2. On a spit over coals. This takes a bit more time, but the advantage is that it’s quicker because you can build a hotter fire. Be careful of singing on one side and getting it raw on the other. Spit cooking takes a lot of attention and care.
  3. On a rock next to the fire. This works best for fillets, especially if you don’t mind eating fish crumbles. The fillets cook more thoroughly and there is less attention needed but they will come apart as you go to turn them.
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HAMMOCK CAMPING; 3 REASONS THIS COULD BE THE WAVE OF THE FUTURE

One of the newest fads in the camping industry is actually a spin off from the newest methodologies of management in the business world, that of LEAN enterprises. While many people believe that the LEAN enterprise mindset is one of doing more with less, they often miss the forest for the trees aspect of LEAN, which is actually a philosophy of doing more with less waste. And the truth is that the exclusion of one word in a phrase can speak volumes in the form of missed opportunities. Take the example of hammocks for camping. The idea wasn’t to get rid of the tent as an icon of the camping experience, but rather to expand upon the concept of a tent and to take the tent to a new depth and breadth of having a home away from home. The truth of the matter is that with the extra space of the tent, which is not utilized, comes extra waste as well. Here are three reasons why:

  1. Most modern campers are opting for the light and move quickly aspect of camping. Things such as the hiking of the Appalachian Trail, and other camping and tent adventures bring the need to travel light and to be quick on your feet. Even if for nothing else than the wear the weight difference saves on your back, the hammock over the tent makes sense.
  2. The comfort that you gain from sleeping suspended in air as opposed to having to deal with the heat sapping, bumpy ground under the floor of the tent is second to none. Let alone the fact that this relieves the need for a ground cloth, severe weather sleeping bag, (which can be built right into the hammock), and repair kits for holes made while wallowing the floor of the tent.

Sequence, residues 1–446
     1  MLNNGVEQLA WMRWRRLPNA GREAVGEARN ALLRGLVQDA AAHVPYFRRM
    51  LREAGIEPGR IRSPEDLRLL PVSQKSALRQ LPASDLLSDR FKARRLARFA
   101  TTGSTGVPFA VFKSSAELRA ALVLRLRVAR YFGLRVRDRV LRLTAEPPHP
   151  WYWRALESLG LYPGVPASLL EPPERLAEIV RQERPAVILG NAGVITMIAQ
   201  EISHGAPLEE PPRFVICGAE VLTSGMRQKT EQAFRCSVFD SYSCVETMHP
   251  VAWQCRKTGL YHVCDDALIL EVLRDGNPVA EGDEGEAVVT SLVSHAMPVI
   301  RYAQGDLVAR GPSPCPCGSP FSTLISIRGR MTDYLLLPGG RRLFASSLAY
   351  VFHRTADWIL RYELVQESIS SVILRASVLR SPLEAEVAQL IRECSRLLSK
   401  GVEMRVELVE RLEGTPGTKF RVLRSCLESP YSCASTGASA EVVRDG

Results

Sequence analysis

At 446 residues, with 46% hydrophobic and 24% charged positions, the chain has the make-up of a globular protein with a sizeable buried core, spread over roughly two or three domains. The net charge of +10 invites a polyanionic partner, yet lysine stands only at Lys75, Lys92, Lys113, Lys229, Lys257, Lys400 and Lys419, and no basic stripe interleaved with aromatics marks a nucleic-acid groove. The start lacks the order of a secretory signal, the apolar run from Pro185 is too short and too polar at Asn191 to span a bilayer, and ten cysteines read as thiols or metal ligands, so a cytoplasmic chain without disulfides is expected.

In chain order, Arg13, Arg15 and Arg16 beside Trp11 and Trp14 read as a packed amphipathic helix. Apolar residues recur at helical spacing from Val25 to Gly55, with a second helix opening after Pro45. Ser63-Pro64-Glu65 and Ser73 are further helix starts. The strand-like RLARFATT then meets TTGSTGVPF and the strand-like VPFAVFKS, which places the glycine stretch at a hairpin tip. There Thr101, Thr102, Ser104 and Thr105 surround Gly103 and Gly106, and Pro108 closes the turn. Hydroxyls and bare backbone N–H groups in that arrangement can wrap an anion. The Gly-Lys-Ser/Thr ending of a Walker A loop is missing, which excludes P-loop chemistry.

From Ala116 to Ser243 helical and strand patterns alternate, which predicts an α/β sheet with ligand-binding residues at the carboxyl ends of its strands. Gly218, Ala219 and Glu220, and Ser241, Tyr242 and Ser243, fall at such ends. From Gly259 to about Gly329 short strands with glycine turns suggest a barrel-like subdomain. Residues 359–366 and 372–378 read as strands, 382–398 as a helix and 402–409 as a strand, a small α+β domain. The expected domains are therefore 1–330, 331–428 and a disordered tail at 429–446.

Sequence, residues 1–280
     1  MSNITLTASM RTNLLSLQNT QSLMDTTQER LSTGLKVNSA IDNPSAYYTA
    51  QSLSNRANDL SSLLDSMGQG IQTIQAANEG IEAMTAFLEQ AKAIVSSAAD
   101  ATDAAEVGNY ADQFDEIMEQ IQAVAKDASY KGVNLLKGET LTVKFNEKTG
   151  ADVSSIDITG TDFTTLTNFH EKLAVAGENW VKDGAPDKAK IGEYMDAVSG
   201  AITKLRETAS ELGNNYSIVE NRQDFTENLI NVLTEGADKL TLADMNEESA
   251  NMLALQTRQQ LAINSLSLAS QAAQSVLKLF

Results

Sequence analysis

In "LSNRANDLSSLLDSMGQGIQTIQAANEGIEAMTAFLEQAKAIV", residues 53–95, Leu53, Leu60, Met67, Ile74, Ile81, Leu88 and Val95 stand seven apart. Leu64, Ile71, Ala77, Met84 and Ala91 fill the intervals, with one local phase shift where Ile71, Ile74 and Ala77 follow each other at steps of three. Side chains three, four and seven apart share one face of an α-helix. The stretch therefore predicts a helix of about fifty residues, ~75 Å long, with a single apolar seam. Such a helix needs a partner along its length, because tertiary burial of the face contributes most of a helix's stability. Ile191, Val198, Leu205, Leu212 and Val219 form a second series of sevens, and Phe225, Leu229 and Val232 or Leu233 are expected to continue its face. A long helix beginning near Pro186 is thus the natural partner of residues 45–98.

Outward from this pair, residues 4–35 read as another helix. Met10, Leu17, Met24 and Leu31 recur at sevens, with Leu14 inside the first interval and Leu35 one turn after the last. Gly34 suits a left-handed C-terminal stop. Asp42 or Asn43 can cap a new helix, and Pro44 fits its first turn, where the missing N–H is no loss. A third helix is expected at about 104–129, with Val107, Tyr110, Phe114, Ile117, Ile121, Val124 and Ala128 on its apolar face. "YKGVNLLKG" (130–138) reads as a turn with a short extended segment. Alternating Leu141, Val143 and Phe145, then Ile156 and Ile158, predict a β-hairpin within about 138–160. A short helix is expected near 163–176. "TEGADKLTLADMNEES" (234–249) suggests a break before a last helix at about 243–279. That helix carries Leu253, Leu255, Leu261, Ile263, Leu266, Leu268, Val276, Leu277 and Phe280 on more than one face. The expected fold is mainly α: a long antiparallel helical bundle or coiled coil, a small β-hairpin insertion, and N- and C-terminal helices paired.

3. No need for supports. These things rely on already existing supports to offer the stability that they need to give you shelter. This does not have to be trees, supports can be rock faces, buildings, etc… might not be viable in Kansas, but these should do great anywhere else.
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4 great uses for a surplus bag

I read recently that an military surplus army bag makes a great camera bag. Well, huh? I guess that makes sense considering the fact that military equipment is designed to be ultra functional and practical. But there are many uses for a military surplus bag that goes beyond a camera bag. let’s be honest though, the military surplus bag looks cool as hell and there is little else that can just say “adventure and ruggedness” like the rumpled canvas of a coyote brown or OD green military surplus bag. I have had several uses for my military bags over the years. I use one, for instance, as a possibles bag whenever I go hunting with a black powder rifle. I like it much better than I like the stiff leather purse I bought at the second hand store years ago, simply because it is much more functional. These things are great and are multi-functional, the best thing about them is the fact that they are so in-expensive that you can have an assortment on hand for in the event that the need arises to have one. Here are four examples of great uses for a military surplus bag.